Wesley Wolfe's Storage | Record Review | Indy Week

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Wesley Wolfe's Storage

(self-released; distributed by Odessa Records)



Storage, the second album by near-anonymous Carrboro songwriter Wesley Wolfe, is the sort of record that works to remind you of the redemption available in music. Sing your worries, and they're easier to swallow. Sing your worries through hooks this good (and, on Storage, not one of these 10 numbers misses), and people might even sing along. If misery enjoys company, shared relief equals ascendance.

Wolfe, who recorded Storage by himself at home, sings his self-deprecation with the vigor of deliverance, as if by submitting his misgivings to tape they're somehow more tolerable. "Locked In," the mid-album anchor, aims apologies laced with invective at a former lover. "I'm used to blaming you/ But I was wrong/ I wasn't fair to you/ My mood's still the same," he exclaims over a robust acoustic guitar, belting the words like a discovery. In song, he's found a way to be honest. Likewise, "Another Weed" opens with a lesson in adding insult to injury. Wolfe says he's a stack of burning books—The Iliad, The Odyssey and the diary of a crybaby, each itinerant classics of ecumenical characters—sending thin smoke signals into the wide world. He admits he's an ex-Boy Scout still tangled in the knots he once learned to tie, and everything's full of poison that he's forgotten how to suck from the wound. These images are inherited and recognizable, adding immediacy and intimacy to the album's lyrical conceit: Wolfe's put in his work to be an upright member of society, yet, as he relays in a chorus you won't soon forget, he's just a "seed that grew to be another weed." Who hasn't had that feeling?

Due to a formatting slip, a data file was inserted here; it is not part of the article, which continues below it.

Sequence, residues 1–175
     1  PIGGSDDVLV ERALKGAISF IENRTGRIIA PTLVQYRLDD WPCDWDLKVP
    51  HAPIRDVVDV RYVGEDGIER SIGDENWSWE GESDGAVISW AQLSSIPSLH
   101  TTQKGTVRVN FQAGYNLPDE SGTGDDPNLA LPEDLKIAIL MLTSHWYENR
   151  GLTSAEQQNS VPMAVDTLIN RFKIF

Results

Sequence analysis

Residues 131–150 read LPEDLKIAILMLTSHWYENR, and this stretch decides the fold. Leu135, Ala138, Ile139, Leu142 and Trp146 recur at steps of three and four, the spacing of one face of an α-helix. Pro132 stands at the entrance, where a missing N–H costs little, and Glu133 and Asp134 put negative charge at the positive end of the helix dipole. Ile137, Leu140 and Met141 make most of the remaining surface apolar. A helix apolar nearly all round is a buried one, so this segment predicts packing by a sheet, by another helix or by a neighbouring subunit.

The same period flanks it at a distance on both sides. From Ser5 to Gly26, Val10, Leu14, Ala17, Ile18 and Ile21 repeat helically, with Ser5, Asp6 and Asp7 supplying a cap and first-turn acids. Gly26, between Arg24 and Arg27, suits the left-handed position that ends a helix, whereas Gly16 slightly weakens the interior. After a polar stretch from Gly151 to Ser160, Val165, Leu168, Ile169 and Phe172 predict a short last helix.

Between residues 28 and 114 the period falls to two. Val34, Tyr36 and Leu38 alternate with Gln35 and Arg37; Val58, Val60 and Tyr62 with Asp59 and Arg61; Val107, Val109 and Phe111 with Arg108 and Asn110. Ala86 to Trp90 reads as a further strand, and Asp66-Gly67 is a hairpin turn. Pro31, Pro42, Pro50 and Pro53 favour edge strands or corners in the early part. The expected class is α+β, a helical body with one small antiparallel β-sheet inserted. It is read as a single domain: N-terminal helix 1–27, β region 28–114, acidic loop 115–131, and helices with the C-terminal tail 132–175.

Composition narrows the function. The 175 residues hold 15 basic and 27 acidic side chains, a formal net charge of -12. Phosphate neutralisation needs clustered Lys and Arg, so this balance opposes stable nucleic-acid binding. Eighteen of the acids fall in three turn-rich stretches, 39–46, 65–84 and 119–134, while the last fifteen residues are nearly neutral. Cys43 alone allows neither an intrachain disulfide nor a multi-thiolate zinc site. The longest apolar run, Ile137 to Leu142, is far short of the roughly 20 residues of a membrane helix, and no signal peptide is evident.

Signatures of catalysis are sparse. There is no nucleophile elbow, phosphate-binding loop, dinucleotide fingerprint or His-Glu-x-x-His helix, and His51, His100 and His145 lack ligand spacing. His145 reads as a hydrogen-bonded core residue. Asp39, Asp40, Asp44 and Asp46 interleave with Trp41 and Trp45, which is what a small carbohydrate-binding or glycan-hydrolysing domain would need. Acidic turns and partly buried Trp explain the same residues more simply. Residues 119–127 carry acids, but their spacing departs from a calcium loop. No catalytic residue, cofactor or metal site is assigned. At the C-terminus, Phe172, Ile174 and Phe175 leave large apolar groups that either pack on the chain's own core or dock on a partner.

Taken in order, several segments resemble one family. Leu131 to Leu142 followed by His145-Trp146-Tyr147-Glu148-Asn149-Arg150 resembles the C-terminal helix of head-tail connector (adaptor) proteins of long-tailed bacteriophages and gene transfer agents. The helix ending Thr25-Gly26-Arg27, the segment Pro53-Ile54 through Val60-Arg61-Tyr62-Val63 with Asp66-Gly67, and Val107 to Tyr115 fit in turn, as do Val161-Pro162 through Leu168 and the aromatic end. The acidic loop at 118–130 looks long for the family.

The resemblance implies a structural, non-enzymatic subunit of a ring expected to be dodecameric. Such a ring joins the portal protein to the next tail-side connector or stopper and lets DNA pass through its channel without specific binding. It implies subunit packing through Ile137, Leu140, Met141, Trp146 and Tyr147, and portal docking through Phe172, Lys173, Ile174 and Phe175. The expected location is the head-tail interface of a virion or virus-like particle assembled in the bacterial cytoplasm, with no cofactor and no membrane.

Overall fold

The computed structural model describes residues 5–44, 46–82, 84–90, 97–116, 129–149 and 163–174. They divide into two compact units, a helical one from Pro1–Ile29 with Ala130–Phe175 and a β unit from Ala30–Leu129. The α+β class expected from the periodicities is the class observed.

Elsewhere, the colors of the walls sap his inspiration, but he can't stay home, since he can't stand himself. No one believes his apologies, and he questions what kind of memory he'll be for people when he's gone. And, in an opening line so strong it suggests Bill Callahan editing Charles Bukowski, Wolfe says that the whole life-versus-death border is a tenuous one, anyway: "Everyday I choose coffee over suicide," he brims. "So far so good/ Run and hide to stay and fight." These songs—somehow lush and primitive, urgent and at ease—might convince you to do the latter. For a dude who's just another weed, Wolfe has delivered one of the most developed and assured singer-songwriter records of the year.

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